Calculating Percentage Margins in CSS

Most web designers think they know CSS pretty well. After all, there isn’t that much to it — a few selector types, a few dozen properties, and some cascading rules that you barely need to remember since they boil down to common sense. But when you get down to the nitty-gritty level, there are plenty of obscure details that few designers truly understand.

When I examined the results of a free CSS test I’ve offered online for the past six months, I discovered one question that almost no one got right. Of the thousands of people who took the test, fewer than 14% got it right.

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The question boils down to this: How Do You Calculate Percentage Margins?

The Question

Say your site has a container div, and inside that, a content div:

Now, let’s give that content div a top margin:

.content {
 margin-top: 10%;

Okay, so it’s 10% … but 10% of what? That’s the question that only 13.8% of people can answer correctly. And keep in mind: these people have access to Google!

What I love about this question is that it seems like the answer should be obvious. So much so, that I suspect most people just take a guess (and guess wrong). But maybe it doesn’t seem obvious to you. I mean, if you really use your imagination, there are many ways the browser could conceivably calculate a margin like this.

So how about if I narrow it down for you since the question in the test is actually multiple choice. Here are your options:

  • 10% of the content div’s height
  • 10% of the container div’s height
  • 10% of the content div’s width
  • 10% of the container div’s width

Remember, only 13.8% of people can pick the right answer from this list. That’s way worse than chance!

Look closely at the answers; you’ll see there are really only two things you need to know:

Container or Content?

First, is the size of the margin based on the size of the content div itself, or on the size of the container div?

Now this isn’t a gimme, but you can probably trust your instincts. If I set a div to be 50% of the width of its container, and then I want its left and right margins to fill the rest of the space, I’d naturally set them to 25% each (so the percentages add up to 100%). For that to work, percentage margins must be based on the dimensions of the container.

Sure enough, two thirds of people who take the test get this part of the answer right.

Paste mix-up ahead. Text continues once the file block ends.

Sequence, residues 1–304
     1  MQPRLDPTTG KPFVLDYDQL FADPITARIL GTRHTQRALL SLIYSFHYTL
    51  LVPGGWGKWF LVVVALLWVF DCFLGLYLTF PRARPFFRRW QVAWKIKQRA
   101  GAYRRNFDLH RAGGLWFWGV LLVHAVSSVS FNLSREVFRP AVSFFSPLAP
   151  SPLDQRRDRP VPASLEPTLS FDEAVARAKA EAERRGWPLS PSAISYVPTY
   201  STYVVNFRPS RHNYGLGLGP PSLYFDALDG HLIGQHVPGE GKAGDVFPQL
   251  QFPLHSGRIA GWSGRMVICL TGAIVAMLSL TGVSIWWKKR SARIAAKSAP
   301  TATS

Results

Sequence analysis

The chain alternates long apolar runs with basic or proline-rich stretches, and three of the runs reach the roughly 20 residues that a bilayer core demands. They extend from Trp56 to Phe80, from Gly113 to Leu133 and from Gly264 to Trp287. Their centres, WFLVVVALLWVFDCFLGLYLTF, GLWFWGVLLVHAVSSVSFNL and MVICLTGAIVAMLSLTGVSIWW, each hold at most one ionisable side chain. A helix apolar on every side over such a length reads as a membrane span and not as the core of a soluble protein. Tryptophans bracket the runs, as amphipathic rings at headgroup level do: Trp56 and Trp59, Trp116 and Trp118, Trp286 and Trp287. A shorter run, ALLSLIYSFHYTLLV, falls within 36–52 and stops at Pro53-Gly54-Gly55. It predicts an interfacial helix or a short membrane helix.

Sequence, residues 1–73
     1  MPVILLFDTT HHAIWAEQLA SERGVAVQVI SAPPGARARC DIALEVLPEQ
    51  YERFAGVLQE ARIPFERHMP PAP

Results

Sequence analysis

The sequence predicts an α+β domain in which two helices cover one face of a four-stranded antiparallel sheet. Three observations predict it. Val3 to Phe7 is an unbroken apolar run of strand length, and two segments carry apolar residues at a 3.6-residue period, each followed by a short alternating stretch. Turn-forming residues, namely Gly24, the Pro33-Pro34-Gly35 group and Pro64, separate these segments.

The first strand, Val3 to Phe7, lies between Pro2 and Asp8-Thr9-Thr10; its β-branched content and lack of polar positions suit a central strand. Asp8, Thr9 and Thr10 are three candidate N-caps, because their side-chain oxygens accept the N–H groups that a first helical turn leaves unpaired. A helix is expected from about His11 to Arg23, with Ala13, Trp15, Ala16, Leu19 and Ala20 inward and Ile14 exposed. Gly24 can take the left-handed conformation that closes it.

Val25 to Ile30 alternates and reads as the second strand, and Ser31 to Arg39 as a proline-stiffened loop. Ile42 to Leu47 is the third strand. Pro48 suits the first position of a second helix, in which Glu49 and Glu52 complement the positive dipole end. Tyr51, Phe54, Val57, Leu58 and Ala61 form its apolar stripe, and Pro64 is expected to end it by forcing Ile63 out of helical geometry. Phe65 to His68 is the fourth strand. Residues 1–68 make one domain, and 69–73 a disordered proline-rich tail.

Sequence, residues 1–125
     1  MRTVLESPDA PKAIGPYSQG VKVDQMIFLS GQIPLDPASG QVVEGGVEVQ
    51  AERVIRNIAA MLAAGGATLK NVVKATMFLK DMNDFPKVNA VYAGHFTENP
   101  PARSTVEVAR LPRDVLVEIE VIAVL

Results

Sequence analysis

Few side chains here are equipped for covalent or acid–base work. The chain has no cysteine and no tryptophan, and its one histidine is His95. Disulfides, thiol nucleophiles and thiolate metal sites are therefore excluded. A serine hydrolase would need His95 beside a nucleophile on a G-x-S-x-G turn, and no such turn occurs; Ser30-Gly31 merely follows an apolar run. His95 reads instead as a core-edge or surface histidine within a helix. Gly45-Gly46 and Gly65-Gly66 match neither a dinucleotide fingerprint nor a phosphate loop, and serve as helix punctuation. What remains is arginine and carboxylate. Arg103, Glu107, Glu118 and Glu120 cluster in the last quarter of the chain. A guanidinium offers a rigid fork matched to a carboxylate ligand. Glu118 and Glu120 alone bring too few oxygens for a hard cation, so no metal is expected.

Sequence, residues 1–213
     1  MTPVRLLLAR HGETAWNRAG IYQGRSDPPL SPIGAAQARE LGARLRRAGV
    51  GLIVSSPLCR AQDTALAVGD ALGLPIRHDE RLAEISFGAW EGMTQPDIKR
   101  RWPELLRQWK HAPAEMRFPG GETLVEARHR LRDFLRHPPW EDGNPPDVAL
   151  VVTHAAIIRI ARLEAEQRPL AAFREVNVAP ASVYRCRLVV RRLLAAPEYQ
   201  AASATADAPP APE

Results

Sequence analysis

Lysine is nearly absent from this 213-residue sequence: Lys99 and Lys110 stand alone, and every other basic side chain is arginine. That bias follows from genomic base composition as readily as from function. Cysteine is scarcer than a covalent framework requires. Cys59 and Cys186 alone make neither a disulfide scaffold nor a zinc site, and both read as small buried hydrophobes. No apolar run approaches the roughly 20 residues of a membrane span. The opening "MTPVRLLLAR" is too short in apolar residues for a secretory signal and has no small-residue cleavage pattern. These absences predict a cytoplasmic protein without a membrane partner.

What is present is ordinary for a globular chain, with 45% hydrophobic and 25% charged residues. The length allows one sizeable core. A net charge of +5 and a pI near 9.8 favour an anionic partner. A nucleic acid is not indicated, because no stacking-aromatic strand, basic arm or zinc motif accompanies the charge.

Width or Height?

Second, is margin-top’s size based on the width or the height of that element?

If you’ve been paying attention, you’re probably on your guard already. For so few people to pick the right answer, this has got to be a trick question, right?

And yet, I bet you can barely believe that the answer isn’t height. Well, it isn’t.

Yes, we’re talking about a top margin here. Yes, the size of that margin is a vertical measurement. Yes, if a block is 50% of the height of its container, and you gave it a top margin of 25%, you’d expect that to be 25% of the height of the container. And you’d be wrong.

Don’t feel bad if you thought it had to be height. Nearly 80% of people who take the test agree with you:

It Makes Sense… No, Really!

Still don’t believe it? Here’s a quote from the W3C CSS spec:

The percentage is calculated with respect to the width of the generated box’s containing block. Note that this is true for margin-top and margin-bottom as well.

The same goes for top and bottom padding, in case you were wondering. As for borders, it’s illegal to specify their width as a percentage.

So at this point, you’re probably thinking the creators of CSS are either bonkers, or they just made a really dumb mistake. But I’m here to tell you, there are two good reasons to base vertical margins on the width of the containing block:

Horizontal and Vertical Consistency

There is, of course, a shorthand property that lets you specify the margin for all four sides of a block:

margin: 10%;

This expands to:

margin-top: 10%;
 margin-right: 10%;
 margin-bottom: 10%;
 margin-left: 10%;

Now, if you wrote either of the above, you’d probably expect the margins on all four sides of the block to be of equal size, wouldn’t you? But if margin-left and margin-right were based on the width of the container, and margin-top and margin-bottom were based on its height, then they’d usually be different!

Avoiding Circular Dependency

CSS lays out content in blocks stacked vertically down the page, so the width of a block is usually dictated entirely by the width of its parent. In other words, you can calculate the width of a block without worrying about what’s inside that block.

The height of a block is a different matter. Usually, the height depends on the combined height of its contents. Change the height of the content, and you change the height of the block. See the problem?

To get the height of the content, you need to know the top and bottom margins that are applied to it. And if those margins depend on the height of the parent block, you’re in trouble, because you can’t calculate one without knowing the other!

Basing vertical margins on the width of the container breaks that circular dependency, and makes it possible to lay out the page.

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